There’s something almost wholesome about the whole experience, which sounds odd when considering how much time you’ll spend tearing demons limb from limb, ripping out eyeballs and spraying your surroundings with blood.
The game is gory, but not gratuitous, thanks in part to the developers skipping the gritty realism embraced by modern shooters, and returning to a classic art style that simply screams "over-the-top ‘90s aesthetic." I found myself feeling nostalgic when fighting classic Cacodemons and Hell Knights, which appear alongside some new baddies. Some of the most prominent new enemies I encountered were flying Gargoyles, which attack from above, making them dangerous and hard to pin down. The enemies I encountered during the demo are representative of the game itself: plenty of nods to the original, but also full of fresh ideas.
What's new in Doom Eternal
So what’s changed? For one thing, there’s a lot more variety in the environments of Doom Eternal. The first few missions take place on a hellish version of Earth, complete with red skies and ravaged architecture. But the Doom Slayer’s journey takes him to other realms as well. There’s Exultia, a high-tech, futuristic-looking forsaken city. You'll travel there in your mission to eliminate the Hell Priests who are causing Earth’s demonic invasion. I also got a look at a remote cultist base, its snowy surroundings acting as a stark contrast to the earlier hellish levels.
This time around, there's also a lot more platforming. Double-jumping, dashing, wall-climbing and swinging from bars are all part of the formula, and you'll often have to manage these abilities while avoiding foes and deadly obstacles. As Martin predicted, I did get frustrated from time to time as I missed a platform and fell into the abyss below, but that was usually followed by the satisfaction of getting that chain of jumps, dashes and grabs just right.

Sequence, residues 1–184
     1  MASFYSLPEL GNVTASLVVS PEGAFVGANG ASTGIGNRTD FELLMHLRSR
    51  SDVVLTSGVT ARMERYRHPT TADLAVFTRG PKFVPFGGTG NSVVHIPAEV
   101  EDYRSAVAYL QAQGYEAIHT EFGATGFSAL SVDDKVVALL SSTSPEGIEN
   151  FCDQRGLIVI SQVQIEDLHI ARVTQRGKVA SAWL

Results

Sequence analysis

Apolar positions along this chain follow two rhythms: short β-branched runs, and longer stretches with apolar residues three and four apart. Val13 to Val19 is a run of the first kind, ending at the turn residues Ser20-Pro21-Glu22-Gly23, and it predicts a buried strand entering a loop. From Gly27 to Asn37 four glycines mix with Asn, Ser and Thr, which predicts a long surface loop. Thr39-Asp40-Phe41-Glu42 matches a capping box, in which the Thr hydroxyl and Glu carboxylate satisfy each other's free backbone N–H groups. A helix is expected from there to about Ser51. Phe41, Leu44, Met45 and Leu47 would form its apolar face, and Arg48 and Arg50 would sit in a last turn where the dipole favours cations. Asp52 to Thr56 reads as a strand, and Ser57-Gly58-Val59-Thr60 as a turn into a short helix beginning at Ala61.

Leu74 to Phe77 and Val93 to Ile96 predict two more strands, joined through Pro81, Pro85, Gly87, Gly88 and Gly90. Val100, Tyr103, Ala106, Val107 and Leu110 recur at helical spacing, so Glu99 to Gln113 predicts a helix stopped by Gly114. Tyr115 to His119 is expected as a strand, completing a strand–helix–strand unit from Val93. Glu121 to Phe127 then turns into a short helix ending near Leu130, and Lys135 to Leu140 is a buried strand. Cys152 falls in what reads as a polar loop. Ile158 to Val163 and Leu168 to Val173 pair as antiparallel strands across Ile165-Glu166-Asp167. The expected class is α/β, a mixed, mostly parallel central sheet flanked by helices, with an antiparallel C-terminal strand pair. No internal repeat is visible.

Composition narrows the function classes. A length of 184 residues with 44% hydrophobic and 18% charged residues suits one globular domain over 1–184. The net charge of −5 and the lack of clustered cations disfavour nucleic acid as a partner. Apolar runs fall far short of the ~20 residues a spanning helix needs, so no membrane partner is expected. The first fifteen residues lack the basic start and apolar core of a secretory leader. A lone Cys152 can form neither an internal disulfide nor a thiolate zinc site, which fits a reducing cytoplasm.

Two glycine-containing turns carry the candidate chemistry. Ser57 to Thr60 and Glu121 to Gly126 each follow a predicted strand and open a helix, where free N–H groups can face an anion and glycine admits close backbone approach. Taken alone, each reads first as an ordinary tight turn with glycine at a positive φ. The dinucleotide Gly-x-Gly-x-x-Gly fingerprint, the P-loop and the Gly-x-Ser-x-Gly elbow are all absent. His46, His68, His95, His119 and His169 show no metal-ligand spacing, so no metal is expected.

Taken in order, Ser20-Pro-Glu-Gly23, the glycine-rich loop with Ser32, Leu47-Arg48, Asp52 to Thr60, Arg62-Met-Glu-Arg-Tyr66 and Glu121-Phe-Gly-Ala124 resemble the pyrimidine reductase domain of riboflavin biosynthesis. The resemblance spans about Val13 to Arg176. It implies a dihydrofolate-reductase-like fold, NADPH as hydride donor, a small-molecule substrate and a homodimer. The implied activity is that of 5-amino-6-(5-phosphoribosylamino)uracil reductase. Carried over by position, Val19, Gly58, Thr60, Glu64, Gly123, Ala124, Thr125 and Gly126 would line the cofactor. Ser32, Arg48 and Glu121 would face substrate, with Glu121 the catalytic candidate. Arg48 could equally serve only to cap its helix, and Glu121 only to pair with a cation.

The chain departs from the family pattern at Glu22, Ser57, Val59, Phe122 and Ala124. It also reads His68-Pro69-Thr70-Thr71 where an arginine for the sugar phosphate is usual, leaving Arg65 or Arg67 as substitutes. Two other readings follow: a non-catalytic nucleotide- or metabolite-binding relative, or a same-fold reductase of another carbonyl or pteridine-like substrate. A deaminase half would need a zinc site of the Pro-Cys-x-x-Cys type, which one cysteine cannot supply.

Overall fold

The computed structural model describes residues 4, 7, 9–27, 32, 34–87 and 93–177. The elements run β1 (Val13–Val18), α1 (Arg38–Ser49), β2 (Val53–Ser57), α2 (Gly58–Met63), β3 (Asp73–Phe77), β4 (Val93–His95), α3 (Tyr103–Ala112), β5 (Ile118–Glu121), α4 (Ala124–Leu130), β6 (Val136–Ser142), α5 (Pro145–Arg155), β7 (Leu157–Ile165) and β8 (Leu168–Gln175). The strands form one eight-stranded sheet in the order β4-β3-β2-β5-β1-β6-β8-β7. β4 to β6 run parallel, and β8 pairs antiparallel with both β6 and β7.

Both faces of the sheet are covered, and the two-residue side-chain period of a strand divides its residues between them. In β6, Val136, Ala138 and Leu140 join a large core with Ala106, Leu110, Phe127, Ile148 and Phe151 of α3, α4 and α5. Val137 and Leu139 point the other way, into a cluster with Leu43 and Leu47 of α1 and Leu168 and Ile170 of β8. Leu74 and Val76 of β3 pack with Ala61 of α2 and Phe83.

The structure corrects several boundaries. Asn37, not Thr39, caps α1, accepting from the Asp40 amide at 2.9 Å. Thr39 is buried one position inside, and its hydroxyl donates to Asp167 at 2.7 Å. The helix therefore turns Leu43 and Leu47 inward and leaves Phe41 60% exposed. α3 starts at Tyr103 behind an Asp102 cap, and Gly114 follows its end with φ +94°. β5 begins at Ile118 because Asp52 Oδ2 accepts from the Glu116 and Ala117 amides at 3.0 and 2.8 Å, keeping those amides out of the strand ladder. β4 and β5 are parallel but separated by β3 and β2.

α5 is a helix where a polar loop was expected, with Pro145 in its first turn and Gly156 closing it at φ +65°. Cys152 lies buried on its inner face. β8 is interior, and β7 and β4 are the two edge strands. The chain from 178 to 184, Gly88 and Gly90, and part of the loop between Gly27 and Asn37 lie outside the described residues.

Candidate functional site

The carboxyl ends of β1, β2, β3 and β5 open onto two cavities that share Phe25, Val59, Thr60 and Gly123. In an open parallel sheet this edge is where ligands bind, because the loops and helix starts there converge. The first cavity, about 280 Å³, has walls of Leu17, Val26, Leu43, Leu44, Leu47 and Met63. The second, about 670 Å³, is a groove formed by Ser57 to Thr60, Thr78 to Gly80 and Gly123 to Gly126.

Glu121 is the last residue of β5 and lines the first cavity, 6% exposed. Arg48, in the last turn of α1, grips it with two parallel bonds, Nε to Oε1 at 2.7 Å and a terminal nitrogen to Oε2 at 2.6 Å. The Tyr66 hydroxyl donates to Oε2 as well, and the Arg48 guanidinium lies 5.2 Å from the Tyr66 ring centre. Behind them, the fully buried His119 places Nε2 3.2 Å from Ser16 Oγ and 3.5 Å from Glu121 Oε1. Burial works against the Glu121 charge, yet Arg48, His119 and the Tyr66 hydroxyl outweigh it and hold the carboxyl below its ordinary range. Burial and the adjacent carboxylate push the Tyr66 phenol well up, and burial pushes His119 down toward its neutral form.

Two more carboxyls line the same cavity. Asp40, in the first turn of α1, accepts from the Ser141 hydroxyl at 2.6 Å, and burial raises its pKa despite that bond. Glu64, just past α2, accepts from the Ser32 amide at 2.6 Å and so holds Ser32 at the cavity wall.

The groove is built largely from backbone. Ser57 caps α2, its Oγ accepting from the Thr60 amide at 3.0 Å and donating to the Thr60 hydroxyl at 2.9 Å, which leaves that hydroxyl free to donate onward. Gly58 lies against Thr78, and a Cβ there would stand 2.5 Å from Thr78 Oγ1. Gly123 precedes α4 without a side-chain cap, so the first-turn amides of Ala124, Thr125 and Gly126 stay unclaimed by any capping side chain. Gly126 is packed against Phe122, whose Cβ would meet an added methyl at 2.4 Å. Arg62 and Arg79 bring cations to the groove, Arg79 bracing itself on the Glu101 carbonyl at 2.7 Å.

While the game build that Bethesda showed off last week was fully playable, it’s not 100% complete. There were a few crashes and load screen freezes, serving as a reminder that Doom Eternal isn’t quite done yet, even if it’s pretty close. A delay from November 2019 to March 2020 served the game well, Martin told us: “It’s been great having the extra time, and I think it shows up on the screen.”
A hell of a good time
In a Q&A session after the demo, Martin expanded on how the developers used those extra months to refine and polish the Doom Eternal power fantasy. In particular, id wanted to polish the pacing to ensure that the player never gets bored. The game might push you to the brink of your patience, but you’ll want to come back for one more try, even if “one more try” turns into “five more tries.” Whereas Doom 2016 sometimes became repetitive and tedious, Doom Eternal will always give the player a reason to keep going. In fact, the three hours I spent playing it simply flew by, and I found myself unable to get it out of my head for the rest of the weekend.
“This is very much our Evil Dead 2,” Martin said, referring to Sam Raimi’s comedy/horror film, which built on its predecessor in ways that came to define the franchise. He acknowledged Doom’s legacy and influence on the FPS genre, and that he and his team were “standing on the shoulders of giants."
But ultimately, Doom Eternal works because of everything that made the original game work..
“That original design is still good,” Martin said. “It’s a thinking person’s action game.”
That doesn’t mean you’ll be presented with massive info dumps and lengthy cutscenes — although there is plenty to learn in the Codex, if players care to read it. Doom Eternal is constantly changing and challenging you in new ways, but at its core, it’s fast, frenetic and fun as hell. It doesn’t have the genre-defining impact of the early games in the series and it’s not going to change your life, but who cares when it’s such a rip-roaring good time?
Doom Eternal will launch on March 20, 2020 for PC, PlayStation 4, Xbox One, and Google Stadia, with a Switch version coming later this year.